Thursday, June 24, 2010

Kindle needs a "lend" button

Whenever Amazon announces news about it's Kindle product, like with the recent Kindle price drop, I find myself referring to my reasons for not buying a Kindle. So far they are working out pretty well for me. The strongest argument has been the inability to share (first on the list). When I buy a physical book, which is usually not much more expensive than the digital version, I don't just buy the ability read the book myself. I am also buying something that I can share with others. Frequently I mention a book to someone and grab my copy to lend. And roughly half of the books that I read are on loan from others. You don't get this experience from a digital book and I would miss it.

Personally, I would reconsider my decision not to buy a Kindle if it had a "lend" feature. Here is how it would work. If I owned a digital copy of a book, I could click a "lend" button that would bring up a list of my friends. I would be able to set the length of the loan. During that period, the lendee would have access to the book but I would not. As the owner of the book, I could retrieve the book and, in doing so, remove it from the lendee's library. This feature could also be enabled for public and academic libraries.

This move would be great for Amazon (or a competitor that did it first). It would encourage people to buy the reader device when their friends buy one. It makes the reader more valuable and viral. It would alleviate feature/function competition. You would buy the reader your friends have, not the flashiest product with the best C|Net review. Publisher's would probably not be so keen on the idea. They would see fewer eBook sales. I think this issue could be addressed by Amazon increasing the digital copy price and sharing more revenue with the publisher. For reference books and classics, the publisher could see sales to people who borrowed the book but wanted their own copy.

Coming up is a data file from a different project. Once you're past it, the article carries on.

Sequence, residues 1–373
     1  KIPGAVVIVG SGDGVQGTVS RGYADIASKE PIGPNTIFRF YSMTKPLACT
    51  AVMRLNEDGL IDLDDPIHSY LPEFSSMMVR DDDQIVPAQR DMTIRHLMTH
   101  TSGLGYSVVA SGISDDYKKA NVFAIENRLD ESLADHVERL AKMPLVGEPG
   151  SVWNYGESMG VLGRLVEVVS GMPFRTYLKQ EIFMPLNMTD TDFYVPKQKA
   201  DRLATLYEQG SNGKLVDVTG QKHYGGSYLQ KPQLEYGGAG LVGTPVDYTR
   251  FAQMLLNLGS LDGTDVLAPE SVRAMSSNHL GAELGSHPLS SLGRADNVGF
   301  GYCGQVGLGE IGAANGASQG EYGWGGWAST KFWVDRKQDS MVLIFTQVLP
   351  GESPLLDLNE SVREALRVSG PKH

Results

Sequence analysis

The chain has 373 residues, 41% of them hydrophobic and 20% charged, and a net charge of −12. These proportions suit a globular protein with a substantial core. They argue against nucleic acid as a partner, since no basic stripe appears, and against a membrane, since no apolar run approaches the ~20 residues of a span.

This reminds me of Kevin Kelly's classic post "Better than Free," where he lists characteristics of content that make it worth paying for. One of the characteristics is "Embodiment," which digital content lacks. Making a digital edition virtually transferable (and not copyable) would certainly add embodiment because it would make it behave more like a physical asset.

Amazon (or any other digital reader maker): please steal this idea (if you haven't already thought of it yourself). I would really like to see lending digital content happen.